>Today: Iain Dale’s column: Where is the cutting edge to the BBC’s business coverage?

Salmond to sue Scottish Government over sexual assault allegations

“Alex Salmond is at the centre of extraordinary allegations that he sexually assaulted two staff members while he was First Minister. Mr Salmond is accused of carrying out the assaults at his official residence in 2013 while he was still in office. It was reported last night that the allegations, which arose from an internal Scottish Government inquiry, had been passed on to Police Scotland. However, the force said it was ‘not going to comment on whether an inquiry is ongoing’. Mr Salmond said he now plans to take the Scottish Government to court over the allegations, which he described last night as ‘patently ridiculous’… The 63-year-old last night issued a statement denying the accusations, adding he had launched a judicial review challenging the legality of the Scottish Government’s investigation.” – Daily Mail

Turnbull to leave Australian parliament after being ousted

“Malcolm Turnbull has left a ticking time bomb for Australia’s new prime minister Scott Morrison that will explode when he leaves Parliament. Mr Turnbull confirmed he would soon be quitting Parliament for good, forcing a crucial by-election in his wealthy Sydney eastern suburbs seat of Wentworth and putting at risk the government’s wafer-thin majority. Mr Morrison became Australia’s fifth prime minister in five years on Friday afternoon, after a week of bitter factional infighting within the Liberals which saw Malcolm Turnbull overthrown after less than three years in the job. In his first speech as Australia’s 30th prime minister shortly after 4.20pm Mr Morrison, the former treasurer, declared he would be a leader for workers.” – Daily Mail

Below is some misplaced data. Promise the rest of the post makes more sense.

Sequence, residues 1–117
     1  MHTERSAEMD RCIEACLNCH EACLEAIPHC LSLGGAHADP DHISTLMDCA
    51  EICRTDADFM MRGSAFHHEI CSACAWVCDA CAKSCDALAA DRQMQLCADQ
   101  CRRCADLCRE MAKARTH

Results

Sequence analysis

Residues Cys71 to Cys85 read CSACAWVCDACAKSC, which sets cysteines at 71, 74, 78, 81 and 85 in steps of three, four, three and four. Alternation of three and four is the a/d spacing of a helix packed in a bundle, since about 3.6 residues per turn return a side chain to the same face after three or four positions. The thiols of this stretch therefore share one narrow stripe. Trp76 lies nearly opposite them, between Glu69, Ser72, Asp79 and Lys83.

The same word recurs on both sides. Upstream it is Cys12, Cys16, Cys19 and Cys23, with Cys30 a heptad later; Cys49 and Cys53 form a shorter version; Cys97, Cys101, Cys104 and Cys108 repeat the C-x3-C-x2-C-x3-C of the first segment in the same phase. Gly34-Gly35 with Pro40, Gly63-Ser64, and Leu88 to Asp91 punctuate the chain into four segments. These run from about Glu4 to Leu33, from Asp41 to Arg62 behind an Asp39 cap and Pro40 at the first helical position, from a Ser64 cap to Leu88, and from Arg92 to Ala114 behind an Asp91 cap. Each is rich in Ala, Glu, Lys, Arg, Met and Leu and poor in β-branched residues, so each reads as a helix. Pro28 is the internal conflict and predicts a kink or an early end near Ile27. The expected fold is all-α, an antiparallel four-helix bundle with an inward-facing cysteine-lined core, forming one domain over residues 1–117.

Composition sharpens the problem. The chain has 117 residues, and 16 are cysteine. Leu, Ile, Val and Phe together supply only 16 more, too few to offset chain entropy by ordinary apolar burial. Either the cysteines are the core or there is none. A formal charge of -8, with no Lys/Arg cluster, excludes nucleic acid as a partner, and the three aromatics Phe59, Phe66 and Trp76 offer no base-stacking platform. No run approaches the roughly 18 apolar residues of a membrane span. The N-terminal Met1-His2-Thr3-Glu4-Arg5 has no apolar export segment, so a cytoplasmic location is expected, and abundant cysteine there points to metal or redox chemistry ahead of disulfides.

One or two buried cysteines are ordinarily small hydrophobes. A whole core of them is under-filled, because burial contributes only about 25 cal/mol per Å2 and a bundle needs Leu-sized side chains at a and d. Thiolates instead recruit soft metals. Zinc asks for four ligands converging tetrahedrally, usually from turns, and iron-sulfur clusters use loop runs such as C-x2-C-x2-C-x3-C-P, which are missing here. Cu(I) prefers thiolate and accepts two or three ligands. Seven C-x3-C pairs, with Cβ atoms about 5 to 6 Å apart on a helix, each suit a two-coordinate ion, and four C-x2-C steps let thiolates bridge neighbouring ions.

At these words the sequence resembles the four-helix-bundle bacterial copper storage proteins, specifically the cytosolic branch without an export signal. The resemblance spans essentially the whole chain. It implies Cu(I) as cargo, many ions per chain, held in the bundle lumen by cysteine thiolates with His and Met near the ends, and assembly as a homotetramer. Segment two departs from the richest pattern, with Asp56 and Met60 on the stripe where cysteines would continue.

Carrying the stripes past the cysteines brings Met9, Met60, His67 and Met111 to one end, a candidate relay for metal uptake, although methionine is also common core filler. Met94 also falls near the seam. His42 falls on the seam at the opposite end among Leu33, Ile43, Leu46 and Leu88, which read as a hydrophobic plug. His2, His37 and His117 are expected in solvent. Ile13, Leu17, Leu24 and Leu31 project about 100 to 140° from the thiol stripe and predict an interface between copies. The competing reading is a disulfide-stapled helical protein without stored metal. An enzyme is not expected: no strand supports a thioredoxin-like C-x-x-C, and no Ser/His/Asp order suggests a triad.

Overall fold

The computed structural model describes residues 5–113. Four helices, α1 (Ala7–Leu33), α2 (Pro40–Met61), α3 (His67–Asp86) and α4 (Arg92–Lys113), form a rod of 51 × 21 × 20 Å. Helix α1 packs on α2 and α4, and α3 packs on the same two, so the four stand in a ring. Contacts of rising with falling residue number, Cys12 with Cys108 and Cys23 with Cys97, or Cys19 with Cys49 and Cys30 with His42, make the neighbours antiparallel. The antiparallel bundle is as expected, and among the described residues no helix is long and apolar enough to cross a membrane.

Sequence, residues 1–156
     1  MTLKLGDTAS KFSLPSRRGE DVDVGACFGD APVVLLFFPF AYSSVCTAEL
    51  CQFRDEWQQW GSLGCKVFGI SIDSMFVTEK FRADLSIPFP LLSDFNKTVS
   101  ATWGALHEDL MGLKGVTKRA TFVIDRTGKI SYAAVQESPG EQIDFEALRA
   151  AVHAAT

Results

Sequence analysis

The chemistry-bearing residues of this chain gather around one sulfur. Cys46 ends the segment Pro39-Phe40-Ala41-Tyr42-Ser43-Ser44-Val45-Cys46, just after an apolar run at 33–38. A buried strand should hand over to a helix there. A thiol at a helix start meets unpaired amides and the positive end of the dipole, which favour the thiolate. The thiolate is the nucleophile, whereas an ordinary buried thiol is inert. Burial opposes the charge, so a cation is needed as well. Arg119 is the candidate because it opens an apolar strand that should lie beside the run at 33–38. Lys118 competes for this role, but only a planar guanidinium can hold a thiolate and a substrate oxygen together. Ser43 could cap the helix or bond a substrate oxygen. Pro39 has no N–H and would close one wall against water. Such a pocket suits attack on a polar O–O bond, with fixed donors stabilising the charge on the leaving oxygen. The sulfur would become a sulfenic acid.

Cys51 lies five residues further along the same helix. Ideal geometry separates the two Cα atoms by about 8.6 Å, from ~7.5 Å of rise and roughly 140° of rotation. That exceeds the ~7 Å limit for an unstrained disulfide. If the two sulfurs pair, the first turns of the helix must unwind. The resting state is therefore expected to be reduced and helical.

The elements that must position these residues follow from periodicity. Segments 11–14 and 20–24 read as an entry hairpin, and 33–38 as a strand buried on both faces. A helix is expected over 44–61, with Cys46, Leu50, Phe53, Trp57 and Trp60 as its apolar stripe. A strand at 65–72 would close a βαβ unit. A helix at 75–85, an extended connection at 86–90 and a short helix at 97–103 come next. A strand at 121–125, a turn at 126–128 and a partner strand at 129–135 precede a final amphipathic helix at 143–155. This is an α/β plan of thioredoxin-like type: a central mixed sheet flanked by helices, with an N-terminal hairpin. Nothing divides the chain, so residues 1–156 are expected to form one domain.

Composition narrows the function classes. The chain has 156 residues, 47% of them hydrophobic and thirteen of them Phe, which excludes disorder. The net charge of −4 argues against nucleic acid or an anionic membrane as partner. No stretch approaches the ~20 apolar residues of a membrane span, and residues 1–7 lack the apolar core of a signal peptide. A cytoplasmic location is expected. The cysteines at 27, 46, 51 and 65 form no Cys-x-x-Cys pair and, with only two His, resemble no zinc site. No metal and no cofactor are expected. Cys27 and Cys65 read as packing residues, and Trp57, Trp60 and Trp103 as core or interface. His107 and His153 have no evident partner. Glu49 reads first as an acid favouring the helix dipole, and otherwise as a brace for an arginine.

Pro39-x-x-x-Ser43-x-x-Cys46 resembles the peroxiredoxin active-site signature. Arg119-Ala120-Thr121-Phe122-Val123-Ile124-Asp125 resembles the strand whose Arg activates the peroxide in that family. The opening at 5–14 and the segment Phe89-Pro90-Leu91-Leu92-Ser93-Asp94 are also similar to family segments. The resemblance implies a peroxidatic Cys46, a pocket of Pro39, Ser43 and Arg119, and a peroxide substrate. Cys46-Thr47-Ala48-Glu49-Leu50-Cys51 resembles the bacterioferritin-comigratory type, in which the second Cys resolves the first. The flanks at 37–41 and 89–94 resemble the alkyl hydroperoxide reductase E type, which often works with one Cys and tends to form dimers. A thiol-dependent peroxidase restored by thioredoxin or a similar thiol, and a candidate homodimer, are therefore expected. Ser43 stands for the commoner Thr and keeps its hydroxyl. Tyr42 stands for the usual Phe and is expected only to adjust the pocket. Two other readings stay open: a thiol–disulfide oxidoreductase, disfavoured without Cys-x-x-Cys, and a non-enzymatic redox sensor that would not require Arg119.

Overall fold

>Yesterday: Terry Barnes in International: So you think May has problems? They’re nothing compared to the knifings and plots that engulf Malcolm Turnbull

News in Brief:

  • The UN’s idea of UK poverty is all wrong – Tim Worstall, CapX
  • This autumn could be a turning point in Macron’s presidency – Walter Ellis, Reaction
  • Salmond denies sexual assault allegations – Stephen Daisley, The Spectator
  • May’s Chequers plan will prove fatal to British fishing – Owen Paterson MP, Brexit Central
  • Is Ireland falling out of love with the Pope? – Catherine Pepinster, UnHerd